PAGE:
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Headlights that swivel with the front wheels have been around even before the Citroen SM, but until recently automakers have been on the fence regarding this feature.

Adaptive headlights aim to be the next must-have safety feature


Just as cars without rearview cameras as standard equipment are beginning to look stingy or outdated in the marketplace, plain old headlights that do not track the road ahead may be the next safety feature to inspire greater -- if not industry-wide -- adoption.

The driving force expected to encourage automakers to offer adaptive headlights on more models is the Insurance Institute for Highway Safety (IIHS) and its rankings, Automotive News reports. The safety assessments of vehicles by this organization have, over time, acquired substantial influence in the industry, encouraging automakers to offer safety features and technologies in an effort to woo consumers who pay attention to IIHS ratings and vehicle safety as a whole.

"We’ve studied all of these different innovations to the extent we’re able, and the strongest signal we get back from the data is that the steerable headlights are associated with the largest reductions of crashes reported to insurers," says David Zuby, the IIHS’ chief research officer.

2015 Nissan Rogue

New car sales for November

Winners and losers


Ford, Nissan, Fiat Chrysler and General Motors all posted modest U.S. sales increases in November as the industry appeared poised to chalk up another strong month.

Nissan Motor Co. rode strong demand for the Rogue crossover to a 3.8 percent increase. FCA extended its streak of monthly advances to 68 with a 3 percent rise. GM was up 1.5 percent, while Ford Motor Co. eked out a 0.3 percent gain.

The increases come in comparison to a strong November 2014 that also had two more selling days than last month.

Automakers are releasing their November sales results amid forecasts for a third straight month of a seasonally adjusted annual sales rate above 18 million. A strong November will also push the industry closer to topping the U.S. sales peak of 17.4 million, set in 2000.

Through October, deliveries across the industry rose 5.8 percent to 14.5 million, spurred by rising incentives, record leasing rates, pent-up demand, and favorable financing and credit availability.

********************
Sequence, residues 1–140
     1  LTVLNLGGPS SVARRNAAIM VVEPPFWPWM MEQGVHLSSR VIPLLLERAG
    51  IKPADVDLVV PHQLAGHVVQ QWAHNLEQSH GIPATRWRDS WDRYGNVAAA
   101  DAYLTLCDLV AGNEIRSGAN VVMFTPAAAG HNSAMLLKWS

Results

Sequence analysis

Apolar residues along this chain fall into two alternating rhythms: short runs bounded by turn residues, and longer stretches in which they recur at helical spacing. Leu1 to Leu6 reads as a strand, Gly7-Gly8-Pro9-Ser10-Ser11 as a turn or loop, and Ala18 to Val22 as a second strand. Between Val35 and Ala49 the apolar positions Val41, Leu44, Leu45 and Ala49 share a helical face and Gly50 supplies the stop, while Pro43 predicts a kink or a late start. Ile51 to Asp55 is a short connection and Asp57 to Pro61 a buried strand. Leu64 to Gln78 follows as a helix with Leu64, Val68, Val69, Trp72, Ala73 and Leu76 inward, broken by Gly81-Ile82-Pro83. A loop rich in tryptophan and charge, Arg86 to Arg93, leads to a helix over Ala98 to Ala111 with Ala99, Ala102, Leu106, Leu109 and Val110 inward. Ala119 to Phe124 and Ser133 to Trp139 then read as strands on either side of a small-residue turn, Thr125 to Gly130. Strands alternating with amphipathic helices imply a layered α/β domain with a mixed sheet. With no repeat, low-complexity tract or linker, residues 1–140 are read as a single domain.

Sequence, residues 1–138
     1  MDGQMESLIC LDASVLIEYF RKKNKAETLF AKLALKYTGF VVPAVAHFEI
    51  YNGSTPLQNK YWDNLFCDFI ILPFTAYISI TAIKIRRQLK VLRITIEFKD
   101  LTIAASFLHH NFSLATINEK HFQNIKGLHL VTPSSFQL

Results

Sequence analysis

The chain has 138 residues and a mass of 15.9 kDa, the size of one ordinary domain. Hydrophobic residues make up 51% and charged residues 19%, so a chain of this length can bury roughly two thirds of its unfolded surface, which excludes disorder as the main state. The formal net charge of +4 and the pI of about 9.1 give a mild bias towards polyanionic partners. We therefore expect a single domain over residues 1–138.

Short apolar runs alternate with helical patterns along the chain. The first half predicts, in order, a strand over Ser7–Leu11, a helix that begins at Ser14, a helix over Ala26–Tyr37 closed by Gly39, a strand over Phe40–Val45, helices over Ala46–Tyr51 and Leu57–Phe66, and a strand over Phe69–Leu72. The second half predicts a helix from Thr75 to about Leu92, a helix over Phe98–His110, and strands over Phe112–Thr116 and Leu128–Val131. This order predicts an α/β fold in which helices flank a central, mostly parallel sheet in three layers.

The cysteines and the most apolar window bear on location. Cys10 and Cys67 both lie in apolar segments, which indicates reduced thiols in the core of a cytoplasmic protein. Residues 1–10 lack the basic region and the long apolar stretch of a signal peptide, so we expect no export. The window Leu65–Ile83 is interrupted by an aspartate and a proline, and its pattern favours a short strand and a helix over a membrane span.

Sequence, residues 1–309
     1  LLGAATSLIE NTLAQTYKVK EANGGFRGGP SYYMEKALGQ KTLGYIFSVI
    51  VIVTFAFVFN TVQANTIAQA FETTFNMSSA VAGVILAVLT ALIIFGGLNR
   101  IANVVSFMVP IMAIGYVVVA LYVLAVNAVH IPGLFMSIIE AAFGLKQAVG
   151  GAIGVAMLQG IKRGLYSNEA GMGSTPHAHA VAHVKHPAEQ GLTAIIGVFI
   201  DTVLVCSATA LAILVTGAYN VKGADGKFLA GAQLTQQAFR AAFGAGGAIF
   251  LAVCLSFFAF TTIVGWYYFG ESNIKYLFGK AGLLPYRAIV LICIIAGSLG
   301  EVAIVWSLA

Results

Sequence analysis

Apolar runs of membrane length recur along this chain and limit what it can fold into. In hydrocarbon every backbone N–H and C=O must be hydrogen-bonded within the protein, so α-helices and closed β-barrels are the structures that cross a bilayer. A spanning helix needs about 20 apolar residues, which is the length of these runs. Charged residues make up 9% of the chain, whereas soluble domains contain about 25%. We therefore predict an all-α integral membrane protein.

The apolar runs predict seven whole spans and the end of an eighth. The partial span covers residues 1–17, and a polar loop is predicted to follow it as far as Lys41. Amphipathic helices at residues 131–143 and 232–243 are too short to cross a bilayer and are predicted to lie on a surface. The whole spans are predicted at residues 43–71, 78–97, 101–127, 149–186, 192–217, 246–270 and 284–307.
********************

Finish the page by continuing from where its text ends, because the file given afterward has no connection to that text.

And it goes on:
Latest Reviews

2016 Chevrolet Corvette Z06 drive review

Not just a smoke machine


I was assigned the Cadillac ATS-V Coupe for the weekend. When I arrived in the parking garage and discovered that it was equipped with an automatic, I ran upstairs for another set of keys and discovered those of a Chevrolet Z06 convertible, also equipped with an automatic. I hadn’t really spent time in an Aisin eight-speed-equipped Z06 since shortly after the car’s launch, and you know, V8.

As you know, the current king of Corvette hill is a monster. With 650 hp and 650 lb-ft, it will readily turn tires to smoke under normal conditions. (When the air temperature drops, those big rear tires tend to behave like the solid-plastic rear tires of a big wheel, so be careful out there.) It’s not just a smoke machine though; the Z06 will take you around your chosen racetrack faster than just about anything with blinkers, provided it stays cool. Depending on who you ask, it may or may not stay cool in certain on-track situations.

2016 Mercedes-Benz GLE450 AMG review

Killer crossover coupe?


The Mercedes-Benz GLE seems to be an answer to the question, “Shouldn’t Mercedes have something to compete with the BMW X6?”

I’m not sure who asked that question, or why, but here we are. Still, after a few days with the bubble-shaped AMG450, I have a little better sense of what this car is truly for.

I had the AMG for our first weekend of snow here in Michigan, and on those aggressive Pirelli P-Zeros, things got a little dicey. On my first expressway jaunt, when there were just a few slippery inches on the ground, the car felt sloppy. I looked at the window sticker and didn’t see the 4Matic notation, which made me even more nervous. I ended up putting the car in snow mode, which softened up the throttle, allowing me to use my normal pedal force without flying off the road. When I found it was 4Matic-equipped, I got a little more aggressive and found the 4WD and traction control system working in unity, no matter what I did with the right pedal. The porky curb weight of nearly 5,000 pounds surely helped it push through the slushy mess.